Electrode desalination without an applied current

A group of European researchers have evolved a desalination technology by creating an ion adsorption/desorption cycle without using an applied cell voltage.

In a paper for the American Chemical Society's Journal of Physical Chemistry Letters (2012, 3 (12)), the researchers, who work at the Wetsus centre and Wageningen University in the Netherlands, describe their development as Water Desalination With Wires.

Their novel capacitive technology involves anode/cathode wire pairs constructed from electrically conducting rods coated with a thin porous electrode layer of carbon. By alternately dipping an array of electrode pairs in fresh water and brine without an applied voltage, an ion adsorption/desorption cycle can be created.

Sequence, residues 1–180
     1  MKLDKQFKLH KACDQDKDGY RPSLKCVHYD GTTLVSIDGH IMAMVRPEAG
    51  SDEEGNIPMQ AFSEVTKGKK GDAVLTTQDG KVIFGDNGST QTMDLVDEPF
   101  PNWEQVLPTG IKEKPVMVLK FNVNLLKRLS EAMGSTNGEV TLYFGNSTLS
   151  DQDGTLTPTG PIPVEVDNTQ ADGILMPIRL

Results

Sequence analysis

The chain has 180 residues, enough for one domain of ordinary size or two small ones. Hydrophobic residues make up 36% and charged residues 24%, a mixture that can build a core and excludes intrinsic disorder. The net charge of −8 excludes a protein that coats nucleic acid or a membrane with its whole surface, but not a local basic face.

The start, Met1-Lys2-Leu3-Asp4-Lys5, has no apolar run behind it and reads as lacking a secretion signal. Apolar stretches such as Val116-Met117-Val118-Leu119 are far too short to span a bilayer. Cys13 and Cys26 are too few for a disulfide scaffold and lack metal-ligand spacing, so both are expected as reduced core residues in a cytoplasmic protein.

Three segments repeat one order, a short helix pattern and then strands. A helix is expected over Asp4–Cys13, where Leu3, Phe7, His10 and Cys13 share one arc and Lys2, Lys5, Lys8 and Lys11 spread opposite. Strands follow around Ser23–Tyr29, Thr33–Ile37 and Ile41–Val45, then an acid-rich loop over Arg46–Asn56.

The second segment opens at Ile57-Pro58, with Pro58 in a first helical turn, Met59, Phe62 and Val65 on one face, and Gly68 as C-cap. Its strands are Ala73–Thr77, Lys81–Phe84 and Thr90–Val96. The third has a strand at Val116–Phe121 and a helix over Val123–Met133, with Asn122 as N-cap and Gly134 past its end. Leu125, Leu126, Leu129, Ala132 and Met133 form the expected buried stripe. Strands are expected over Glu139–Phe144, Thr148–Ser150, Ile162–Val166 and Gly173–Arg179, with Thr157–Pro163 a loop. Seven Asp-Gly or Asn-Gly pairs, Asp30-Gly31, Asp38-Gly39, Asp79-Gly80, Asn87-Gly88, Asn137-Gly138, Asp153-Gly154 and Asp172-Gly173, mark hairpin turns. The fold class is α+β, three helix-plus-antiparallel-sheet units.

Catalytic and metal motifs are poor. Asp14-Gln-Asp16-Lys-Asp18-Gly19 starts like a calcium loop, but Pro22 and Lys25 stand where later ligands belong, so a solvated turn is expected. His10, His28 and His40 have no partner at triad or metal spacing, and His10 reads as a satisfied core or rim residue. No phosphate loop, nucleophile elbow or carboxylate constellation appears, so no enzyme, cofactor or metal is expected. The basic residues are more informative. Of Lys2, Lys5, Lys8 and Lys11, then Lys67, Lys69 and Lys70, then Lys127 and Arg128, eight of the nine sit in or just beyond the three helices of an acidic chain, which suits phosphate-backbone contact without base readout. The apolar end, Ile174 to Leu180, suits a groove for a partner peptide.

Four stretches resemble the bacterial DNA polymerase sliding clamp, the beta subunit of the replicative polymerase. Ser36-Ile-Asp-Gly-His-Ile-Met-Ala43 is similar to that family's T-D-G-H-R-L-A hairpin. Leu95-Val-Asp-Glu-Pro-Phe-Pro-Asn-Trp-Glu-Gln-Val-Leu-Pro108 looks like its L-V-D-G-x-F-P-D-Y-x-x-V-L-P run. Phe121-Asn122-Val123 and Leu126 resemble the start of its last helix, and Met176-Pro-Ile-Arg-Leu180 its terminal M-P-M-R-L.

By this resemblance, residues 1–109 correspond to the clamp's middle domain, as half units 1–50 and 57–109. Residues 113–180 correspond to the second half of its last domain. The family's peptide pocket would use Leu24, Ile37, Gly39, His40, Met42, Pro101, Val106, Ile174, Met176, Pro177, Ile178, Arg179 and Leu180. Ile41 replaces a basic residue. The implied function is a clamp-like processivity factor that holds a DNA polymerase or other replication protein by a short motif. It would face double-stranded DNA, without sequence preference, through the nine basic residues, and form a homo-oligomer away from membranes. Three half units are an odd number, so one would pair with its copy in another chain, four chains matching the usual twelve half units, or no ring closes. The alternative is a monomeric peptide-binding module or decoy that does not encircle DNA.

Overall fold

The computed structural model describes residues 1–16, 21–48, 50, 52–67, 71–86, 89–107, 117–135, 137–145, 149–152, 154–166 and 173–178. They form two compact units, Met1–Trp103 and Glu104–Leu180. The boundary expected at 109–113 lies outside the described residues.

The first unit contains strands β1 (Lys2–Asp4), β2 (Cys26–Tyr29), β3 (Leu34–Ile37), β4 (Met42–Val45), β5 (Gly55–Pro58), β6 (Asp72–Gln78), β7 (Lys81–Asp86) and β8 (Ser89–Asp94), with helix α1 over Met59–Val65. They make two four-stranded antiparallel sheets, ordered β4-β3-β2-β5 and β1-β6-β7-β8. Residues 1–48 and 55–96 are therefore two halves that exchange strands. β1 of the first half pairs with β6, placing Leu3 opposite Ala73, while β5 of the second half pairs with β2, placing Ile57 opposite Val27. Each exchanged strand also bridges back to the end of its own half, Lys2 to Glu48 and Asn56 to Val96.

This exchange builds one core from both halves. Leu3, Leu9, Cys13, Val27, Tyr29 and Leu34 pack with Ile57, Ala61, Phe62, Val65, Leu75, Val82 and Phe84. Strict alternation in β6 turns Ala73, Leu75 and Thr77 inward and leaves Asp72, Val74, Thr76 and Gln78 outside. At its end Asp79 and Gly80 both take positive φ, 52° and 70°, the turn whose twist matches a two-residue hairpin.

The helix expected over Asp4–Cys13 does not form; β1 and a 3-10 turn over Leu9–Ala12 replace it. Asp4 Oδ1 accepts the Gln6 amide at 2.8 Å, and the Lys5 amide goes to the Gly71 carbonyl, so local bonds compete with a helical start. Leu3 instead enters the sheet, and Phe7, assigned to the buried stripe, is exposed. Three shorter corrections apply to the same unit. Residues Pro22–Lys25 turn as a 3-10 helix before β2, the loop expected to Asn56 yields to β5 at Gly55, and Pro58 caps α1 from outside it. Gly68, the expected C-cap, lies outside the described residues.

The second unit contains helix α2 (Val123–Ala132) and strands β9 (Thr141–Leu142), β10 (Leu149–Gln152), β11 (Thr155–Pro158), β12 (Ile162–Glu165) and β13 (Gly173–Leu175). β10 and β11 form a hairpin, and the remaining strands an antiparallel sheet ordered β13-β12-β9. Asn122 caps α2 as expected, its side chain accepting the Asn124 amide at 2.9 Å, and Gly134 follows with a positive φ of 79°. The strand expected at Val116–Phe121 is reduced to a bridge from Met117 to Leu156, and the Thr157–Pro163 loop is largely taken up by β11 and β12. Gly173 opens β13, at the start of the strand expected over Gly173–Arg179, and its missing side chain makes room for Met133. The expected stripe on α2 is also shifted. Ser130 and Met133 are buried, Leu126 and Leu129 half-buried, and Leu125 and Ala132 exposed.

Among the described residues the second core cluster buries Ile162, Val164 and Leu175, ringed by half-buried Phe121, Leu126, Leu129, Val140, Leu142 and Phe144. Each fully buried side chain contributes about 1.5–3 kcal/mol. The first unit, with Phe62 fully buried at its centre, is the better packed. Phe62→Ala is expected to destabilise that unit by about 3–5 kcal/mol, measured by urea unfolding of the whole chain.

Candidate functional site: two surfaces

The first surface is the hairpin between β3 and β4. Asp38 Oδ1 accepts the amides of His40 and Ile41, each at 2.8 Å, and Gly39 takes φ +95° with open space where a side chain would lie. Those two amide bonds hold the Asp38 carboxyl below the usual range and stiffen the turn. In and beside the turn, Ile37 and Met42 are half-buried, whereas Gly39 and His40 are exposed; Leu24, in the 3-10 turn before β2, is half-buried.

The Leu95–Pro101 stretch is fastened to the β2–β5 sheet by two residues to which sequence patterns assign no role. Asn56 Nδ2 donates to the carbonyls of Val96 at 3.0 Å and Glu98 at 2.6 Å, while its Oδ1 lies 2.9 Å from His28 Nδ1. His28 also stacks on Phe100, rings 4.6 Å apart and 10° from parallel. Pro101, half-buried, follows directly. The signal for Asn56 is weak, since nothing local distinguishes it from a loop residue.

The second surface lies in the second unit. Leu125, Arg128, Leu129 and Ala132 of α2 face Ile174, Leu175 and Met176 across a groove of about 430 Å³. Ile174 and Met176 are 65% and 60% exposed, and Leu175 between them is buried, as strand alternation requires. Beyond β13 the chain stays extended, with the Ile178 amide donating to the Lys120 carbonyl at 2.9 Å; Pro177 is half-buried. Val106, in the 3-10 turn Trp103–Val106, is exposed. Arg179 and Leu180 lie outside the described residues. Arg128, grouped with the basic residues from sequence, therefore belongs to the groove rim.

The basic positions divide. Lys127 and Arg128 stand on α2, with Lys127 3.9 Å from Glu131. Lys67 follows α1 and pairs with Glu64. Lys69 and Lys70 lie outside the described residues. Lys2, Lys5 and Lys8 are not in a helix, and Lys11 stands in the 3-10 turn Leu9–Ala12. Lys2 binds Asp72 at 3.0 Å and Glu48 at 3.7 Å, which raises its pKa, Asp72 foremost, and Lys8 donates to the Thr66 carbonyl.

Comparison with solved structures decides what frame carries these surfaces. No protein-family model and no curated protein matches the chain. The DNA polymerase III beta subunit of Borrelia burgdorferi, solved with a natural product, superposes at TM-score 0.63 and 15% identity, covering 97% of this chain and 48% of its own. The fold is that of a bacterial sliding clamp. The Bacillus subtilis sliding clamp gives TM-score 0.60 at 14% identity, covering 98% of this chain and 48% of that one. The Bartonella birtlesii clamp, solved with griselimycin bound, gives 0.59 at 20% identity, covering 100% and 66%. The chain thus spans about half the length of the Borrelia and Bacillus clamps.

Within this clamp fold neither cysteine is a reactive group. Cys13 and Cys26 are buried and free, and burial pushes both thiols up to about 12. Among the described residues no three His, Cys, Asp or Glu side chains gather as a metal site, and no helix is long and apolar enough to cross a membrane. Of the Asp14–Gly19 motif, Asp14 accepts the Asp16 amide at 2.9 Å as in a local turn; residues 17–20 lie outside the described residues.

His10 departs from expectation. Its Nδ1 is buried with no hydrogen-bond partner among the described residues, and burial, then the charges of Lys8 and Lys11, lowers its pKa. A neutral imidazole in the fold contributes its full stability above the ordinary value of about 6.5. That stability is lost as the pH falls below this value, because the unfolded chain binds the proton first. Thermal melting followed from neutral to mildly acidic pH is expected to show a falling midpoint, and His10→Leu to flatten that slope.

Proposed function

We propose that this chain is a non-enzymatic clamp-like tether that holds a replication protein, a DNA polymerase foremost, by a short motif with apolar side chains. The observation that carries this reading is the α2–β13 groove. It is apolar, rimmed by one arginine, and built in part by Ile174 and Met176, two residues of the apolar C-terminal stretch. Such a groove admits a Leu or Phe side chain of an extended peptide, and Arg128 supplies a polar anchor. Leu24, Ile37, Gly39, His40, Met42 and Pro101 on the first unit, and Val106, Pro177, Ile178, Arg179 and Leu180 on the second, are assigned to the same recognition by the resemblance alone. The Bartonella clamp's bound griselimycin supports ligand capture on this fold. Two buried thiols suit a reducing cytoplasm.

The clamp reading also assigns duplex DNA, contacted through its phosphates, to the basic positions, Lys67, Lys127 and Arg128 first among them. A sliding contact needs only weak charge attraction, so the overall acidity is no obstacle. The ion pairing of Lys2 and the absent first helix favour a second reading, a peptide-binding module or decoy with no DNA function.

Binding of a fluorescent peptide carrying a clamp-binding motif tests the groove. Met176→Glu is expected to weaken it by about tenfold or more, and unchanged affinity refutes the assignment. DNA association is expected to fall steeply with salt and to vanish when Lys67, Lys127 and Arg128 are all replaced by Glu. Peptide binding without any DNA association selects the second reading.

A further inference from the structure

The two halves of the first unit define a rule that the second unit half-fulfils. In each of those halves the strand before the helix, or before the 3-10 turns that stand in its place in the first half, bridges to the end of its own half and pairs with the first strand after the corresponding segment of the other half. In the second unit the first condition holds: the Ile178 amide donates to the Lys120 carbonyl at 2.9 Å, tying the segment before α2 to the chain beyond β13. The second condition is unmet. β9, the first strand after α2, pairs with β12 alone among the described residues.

They have shown experimentally how, in six subsequent cycles, the salinity of a brackish feedwater (20 mM - millimolars) can be reduced by a factor of 3. Potable water has a salinity of <15 mM.

Though unsuitable for seawater desalination, the researchers believe their method could compete with other technologies in certain brackish situations because of its low cost.

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